Metropolitan Opera Preview 2017-18: A Look Back At the Numerous ‘Tosca’ Productions

By David Salazar

On New Years Eve the Metropolitan Opera will premiere a new production of Puccini’s “Tosca.”

The production, which will be directed by David McVicar comes on the heels of a controversial one by Luc Bondy (his interpretation of the Puccini work was infamously booed on its opening night).

While the Met has showcased Tosca a whopping 950 times since its first ever performance of the work on Feb. 4, 1901, it hasn’t undergone much change in terms of productions. To be clear, the Met Opera’s archives are not always clear on directors in the early parts of the 20th century.

William Parry

This first-ever performance of “Tosca’s” with the company on the fourth of February, 1901. It featured Milka Ternina as the diva on its opening night with Giuseppe Cremonini as Cavaradossi and Antonio Scotti as Scarpia. It was the US premiere of the famed Puccini opera and Parry is credited as the director; his name doesn’t appear again in the archives, so it is unclear about his overall involvement.

Ricard Ordynski

The second new production of the opera is credited with Ordynski, who directed a few of the early performances. This production took its bow with Geraldine Farrar as the primadonna while Paul Althouse played her lover Cavaradossi and Scotti remained the leading Scarpia of his day. Per the archives, this production stood until the late 1960s.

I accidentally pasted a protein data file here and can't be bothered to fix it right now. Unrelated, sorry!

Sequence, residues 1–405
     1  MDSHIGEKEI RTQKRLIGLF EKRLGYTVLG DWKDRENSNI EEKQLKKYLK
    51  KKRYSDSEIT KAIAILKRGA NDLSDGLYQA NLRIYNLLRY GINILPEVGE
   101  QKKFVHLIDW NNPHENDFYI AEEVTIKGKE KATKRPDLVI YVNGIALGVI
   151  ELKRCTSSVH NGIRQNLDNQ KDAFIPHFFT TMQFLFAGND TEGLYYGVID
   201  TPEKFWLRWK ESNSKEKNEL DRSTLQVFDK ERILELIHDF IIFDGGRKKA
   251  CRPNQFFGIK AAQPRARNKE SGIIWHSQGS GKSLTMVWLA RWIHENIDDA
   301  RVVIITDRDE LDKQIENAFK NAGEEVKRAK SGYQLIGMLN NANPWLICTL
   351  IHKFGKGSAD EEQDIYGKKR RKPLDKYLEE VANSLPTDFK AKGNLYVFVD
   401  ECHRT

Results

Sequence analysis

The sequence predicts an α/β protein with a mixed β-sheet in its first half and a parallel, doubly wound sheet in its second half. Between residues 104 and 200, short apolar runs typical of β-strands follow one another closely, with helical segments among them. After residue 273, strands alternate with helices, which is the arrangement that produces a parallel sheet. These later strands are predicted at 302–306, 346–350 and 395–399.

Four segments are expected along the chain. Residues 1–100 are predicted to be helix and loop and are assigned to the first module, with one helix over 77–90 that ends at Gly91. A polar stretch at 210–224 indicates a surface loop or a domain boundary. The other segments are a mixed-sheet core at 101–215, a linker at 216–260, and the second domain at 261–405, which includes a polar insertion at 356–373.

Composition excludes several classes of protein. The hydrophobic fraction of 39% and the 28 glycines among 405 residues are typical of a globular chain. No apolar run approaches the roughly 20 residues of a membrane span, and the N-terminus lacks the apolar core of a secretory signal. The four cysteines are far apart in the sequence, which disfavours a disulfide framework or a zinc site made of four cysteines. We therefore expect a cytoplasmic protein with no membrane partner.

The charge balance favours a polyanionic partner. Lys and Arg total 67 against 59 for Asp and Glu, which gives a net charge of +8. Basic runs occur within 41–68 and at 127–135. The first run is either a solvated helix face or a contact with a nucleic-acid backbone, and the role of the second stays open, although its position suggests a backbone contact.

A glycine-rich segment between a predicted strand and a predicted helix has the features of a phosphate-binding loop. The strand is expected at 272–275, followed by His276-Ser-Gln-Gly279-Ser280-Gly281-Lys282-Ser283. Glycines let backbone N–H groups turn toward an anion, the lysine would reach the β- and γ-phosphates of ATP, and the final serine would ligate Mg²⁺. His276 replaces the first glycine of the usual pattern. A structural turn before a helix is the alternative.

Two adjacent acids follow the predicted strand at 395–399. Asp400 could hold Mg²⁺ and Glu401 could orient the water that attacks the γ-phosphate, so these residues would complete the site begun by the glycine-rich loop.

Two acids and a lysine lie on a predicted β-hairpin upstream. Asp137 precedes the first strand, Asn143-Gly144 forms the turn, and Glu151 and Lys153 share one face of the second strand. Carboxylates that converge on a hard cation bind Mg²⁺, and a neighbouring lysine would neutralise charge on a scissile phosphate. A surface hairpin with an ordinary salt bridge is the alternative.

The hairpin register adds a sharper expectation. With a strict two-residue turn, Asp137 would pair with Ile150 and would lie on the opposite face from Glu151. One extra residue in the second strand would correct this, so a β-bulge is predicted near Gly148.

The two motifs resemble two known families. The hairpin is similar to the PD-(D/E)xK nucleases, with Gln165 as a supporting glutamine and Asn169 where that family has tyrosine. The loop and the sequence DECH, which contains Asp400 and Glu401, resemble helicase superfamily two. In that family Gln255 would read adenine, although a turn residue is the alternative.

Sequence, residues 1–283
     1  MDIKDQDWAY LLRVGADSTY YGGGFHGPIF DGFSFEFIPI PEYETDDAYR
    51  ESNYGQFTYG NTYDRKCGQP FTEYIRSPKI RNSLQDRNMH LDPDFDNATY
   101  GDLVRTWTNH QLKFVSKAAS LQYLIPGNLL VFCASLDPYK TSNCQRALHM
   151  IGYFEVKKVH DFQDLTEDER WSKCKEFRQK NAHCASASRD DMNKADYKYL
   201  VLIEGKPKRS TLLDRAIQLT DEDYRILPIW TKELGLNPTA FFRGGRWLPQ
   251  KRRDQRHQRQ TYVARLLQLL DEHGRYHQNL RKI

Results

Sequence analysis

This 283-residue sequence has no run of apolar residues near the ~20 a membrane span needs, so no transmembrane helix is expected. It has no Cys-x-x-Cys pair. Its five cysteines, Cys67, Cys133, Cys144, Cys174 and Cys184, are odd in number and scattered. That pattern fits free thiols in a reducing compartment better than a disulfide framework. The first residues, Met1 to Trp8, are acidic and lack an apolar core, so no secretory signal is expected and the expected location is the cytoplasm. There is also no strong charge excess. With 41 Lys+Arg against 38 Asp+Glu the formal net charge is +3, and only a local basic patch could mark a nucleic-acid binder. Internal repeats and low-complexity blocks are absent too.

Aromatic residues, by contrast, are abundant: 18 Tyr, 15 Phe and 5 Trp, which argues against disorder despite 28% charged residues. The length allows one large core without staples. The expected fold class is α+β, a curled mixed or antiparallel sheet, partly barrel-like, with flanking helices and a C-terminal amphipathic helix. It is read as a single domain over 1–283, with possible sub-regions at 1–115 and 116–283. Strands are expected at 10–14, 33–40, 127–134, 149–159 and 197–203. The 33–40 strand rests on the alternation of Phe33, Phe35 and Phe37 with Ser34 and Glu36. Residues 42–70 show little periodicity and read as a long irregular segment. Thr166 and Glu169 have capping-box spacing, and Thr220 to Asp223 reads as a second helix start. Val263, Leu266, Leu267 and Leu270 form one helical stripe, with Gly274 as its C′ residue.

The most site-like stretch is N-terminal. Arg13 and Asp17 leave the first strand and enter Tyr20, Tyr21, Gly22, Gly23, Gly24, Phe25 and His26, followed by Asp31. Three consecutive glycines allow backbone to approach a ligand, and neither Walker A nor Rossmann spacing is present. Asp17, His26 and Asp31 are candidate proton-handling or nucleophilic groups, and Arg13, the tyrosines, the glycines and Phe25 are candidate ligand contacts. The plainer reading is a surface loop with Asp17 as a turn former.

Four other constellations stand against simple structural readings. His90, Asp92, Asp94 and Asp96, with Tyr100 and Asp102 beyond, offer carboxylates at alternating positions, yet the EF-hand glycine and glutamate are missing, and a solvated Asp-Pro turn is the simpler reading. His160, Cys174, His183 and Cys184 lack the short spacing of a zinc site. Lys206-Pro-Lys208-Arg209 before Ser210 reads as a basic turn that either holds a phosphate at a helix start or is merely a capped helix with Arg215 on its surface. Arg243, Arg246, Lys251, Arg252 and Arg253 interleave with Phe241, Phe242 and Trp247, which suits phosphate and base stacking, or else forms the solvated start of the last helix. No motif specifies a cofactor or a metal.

Otto Schenk

At this point the archives provide greater clarity on productions, though there are still dates that don’t necessarily include the production or director. In any case, Schenk’s production premiered on Oct. 4, 1968 with a superstar cast that included Birgit Nilsson, Franco Corelli, and Gabriel Bacquier. It stood until 1984.

Franco Zeffirelli

Now comes the big one. The only Met production more iconic than this “Tosca” is Zeffirelli’s “La Bohème.” And the Met knows it and wouldn’t touch it, lest the company wants similar reactions to the Bondy production when it replaced Zeffirelli’s. Known of its incredible scale and detail, it served the company for over 20 years and over 200 performances. Its first performance featured Plácido Domingo, Hildegard Behrens, and Cornell MacNeil.

Luc Bondy

The most recent production and most short-lived (the only Met “Tosca” with less than 100 performances), Bondy’s opening night cast included Karita Matilla, Marcelo Alvarez, and George Gagnidze.

David McVicar

This year’s production will star Sonya Yoncheva, Vittorio Grigolo, and Zeljko Lucic on opening night.